Saw chain is manufactured with a grinder, so it's theoretically possible to sharpen one up pretty good with a grinder. However, most cheap grinders aren't up to the task, and even a good grinder in the wrong (read: most) hands won't do a very good job, either. Here's an interesting fact of life: Most professional loggers sharpen their new chains right out of the box. They can get them sharper with their files than the factory does with its grinders.
  16. DiscoInferno

    DiscoInferno Minister of Fire

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    I already saved it, but I used the cheapo HF grinder, not a file. I've "saved" that chain 2 or 3 times now, it and it's buddy are my designated "rock chains". They've earned their keep by this point.

    The grinder does sharpen OK once you figure out how to work around the super-cheap design: the chain clamp sucks, the tooth gauge/stop is a joke, the angle setting is hardly precise and the grinder arm flexes a fair bit. I only use it when a chain gets beyond hand filing, as grinding actually takes longer. (You have to reset the chain for each tooth, instead of for each 3 teeth.)
  17. Gooserider

    Gooserider Mod Emeritus

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    The friend that was teaching me how to hand file (and I need to practice more with it, but I'm getting better) doesn't like any sort of guide when he's filing. He does the cutters freehand with just a Husky plastic file handle, and pulls up as mentioned, and also he tries to do a wrist rotation as he makes the stroke so that the file is turning as it cuts - turning the file so that it twists away from the cutting edge. His claim is that this leaves little "micro-serrations" on the surface that helps the tooth cut better.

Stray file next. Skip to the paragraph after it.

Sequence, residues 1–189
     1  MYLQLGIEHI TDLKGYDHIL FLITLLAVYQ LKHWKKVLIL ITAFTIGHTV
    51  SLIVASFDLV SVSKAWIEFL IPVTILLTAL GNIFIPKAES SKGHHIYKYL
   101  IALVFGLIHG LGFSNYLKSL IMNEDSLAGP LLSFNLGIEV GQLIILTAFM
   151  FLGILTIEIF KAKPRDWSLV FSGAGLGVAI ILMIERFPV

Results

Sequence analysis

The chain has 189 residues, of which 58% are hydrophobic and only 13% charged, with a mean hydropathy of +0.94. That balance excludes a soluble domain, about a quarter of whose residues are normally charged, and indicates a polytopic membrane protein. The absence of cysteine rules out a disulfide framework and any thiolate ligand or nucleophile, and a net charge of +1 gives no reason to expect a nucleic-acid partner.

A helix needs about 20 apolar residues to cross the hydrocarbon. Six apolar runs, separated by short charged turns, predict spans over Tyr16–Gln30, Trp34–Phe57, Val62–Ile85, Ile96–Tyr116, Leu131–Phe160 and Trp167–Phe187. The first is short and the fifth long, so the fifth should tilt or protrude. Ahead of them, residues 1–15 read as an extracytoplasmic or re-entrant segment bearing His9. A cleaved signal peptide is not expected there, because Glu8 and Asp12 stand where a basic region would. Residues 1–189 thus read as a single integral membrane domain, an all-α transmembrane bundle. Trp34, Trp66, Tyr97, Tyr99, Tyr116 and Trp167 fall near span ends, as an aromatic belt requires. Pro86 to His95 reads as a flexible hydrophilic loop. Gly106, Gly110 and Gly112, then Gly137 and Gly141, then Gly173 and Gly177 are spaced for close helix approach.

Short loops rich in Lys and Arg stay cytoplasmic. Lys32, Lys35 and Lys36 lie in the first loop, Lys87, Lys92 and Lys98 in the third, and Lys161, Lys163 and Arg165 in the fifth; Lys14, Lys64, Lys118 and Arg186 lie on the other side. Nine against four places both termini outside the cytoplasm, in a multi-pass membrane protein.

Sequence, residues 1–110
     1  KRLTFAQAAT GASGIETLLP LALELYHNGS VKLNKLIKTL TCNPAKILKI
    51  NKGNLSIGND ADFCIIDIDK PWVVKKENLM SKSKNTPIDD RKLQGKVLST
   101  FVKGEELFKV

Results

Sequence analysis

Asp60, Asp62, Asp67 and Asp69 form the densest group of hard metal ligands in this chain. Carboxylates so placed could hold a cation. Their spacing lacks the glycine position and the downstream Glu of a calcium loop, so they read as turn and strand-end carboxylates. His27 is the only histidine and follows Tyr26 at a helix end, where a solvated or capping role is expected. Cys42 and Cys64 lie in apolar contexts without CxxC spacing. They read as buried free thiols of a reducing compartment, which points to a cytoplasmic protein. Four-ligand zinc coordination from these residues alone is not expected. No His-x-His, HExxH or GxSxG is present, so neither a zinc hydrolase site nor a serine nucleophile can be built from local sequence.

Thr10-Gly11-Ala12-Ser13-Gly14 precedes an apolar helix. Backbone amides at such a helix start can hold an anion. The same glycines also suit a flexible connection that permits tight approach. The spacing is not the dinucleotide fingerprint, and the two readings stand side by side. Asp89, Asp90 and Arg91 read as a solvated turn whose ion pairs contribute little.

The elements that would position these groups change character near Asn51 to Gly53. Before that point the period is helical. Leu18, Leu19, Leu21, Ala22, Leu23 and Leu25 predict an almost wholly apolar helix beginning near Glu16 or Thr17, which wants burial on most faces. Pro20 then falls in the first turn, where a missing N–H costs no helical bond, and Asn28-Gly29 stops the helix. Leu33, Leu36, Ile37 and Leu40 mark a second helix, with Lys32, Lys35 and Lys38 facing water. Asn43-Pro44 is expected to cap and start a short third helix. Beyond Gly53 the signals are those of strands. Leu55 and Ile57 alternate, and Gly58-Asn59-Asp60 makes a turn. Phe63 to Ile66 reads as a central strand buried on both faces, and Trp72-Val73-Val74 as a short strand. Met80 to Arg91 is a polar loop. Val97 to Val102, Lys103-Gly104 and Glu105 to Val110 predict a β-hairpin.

When he sharpens the rakers, he puts the raker guage on the tooth and sees if he can feel it if he drags the edge of the file side to side over the guage. If he does, he pulls the guage off, files a couple strokes, and rechecks. He think this gives better results and doesn't wear out the guage like filing on it does.

    He also likes chain w/ no bumper links, and with a square corner profile on the teeth - Again says it holds an edge better, and the no bumper links lets the chain cut.

    Don't know if he's 100% right or not, but his chains are sharp enough to shave with...

    Gooserider
  18. LarryD

    LarryD Member

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    Goose,

    I know several people that swear by spinning, or as one guy calls it sworling the file. Some people can do it an dget good results. I have found that people that try to learn this way don't file on a straight plane and have a bit of a "belly" to the leading edge. It works for some people, not all. If you are learning how to file a chain, I actually advise against it. It brings another dynamic that could cause you to get inconsistant results. Spinning the file (while lifting it out of the gullet!)every 2-3 strokes however will prolong file life. That is a great idea with the depth gauge jig. I can't say I'v ever worn one out, but by not filing over it, you wont wear it out for sure!